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The Supply and Demand Fundamentals of Uranium

By: Mickey Fulp

-- Posted Tuesday, December 17 2013 | Digg This ArticleDigg It! |

The uranium spot price has undergone two boom and bust cycles during the past 10 years, both largely driven by increasing demand for nuclear fuel that caused speculation followed by parabolic collapse. The first cycle began in mid-2003 when the spot price climbed above its long-term base of $10/lb to peak at $135/lb in mid-2007 before crashing to $40. This classic rise was largely driven by hedge-fund speculation and the fall was exacerbated by the global economic crisis of 2008-2009.

I became bullish on uranium stocks in late 2008 and made my outlook public in early 2009. Contrarians should be early to the marketplace and the $40/lb spot price base did not break to the upside until mid-2010. By February 2011, spot was over $72. A month later, the 9.0 scale earthquake and 13 meter tsunami in northeastern Japan resulted in the nuclear power plant disaster at Fukushima. The spot price fell precipitously and has not recovered its former levels. Uranium stocks followed suit.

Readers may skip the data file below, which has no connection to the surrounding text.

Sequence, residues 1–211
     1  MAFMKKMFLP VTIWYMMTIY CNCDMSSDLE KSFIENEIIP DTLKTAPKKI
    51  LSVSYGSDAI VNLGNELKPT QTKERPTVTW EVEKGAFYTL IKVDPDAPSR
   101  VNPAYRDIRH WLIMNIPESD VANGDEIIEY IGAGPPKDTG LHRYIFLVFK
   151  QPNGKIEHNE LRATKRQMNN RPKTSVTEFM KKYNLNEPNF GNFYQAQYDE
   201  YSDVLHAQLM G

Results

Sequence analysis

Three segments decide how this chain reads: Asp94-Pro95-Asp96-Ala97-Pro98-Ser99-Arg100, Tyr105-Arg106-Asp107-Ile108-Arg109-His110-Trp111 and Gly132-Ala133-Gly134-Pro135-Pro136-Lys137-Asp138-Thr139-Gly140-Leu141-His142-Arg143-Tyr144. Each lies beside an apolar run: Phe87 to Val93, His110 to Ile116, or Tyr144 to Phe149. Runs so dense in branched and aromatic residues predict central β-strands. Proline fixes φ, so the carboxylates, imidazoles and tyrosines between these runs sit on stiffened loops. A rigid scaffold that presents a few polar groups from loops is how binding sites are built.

Since then, the worldwide uranium industry has been in a state of flux. Prior to the Fukushima incident, there were 55 operating nuclear power plants in Japan. They accounted for 12% of the world’s 443 electricity-producing reactors and an equivalent amount of U3O8 demand. Now all of Japan’s 50 remaining operable plants are idled, and only 14 have applied for restarts. It is undetermined whether any will produce electricity in 2014.

The uranium spot price that peaked at over $70/lb is now half of that, about $35. This fall in price is largely due to the drop in fuel demand caused by the Japanese government’s forced shutdown of all reactors pending safety reviews, mandated modifications, and permits to restart.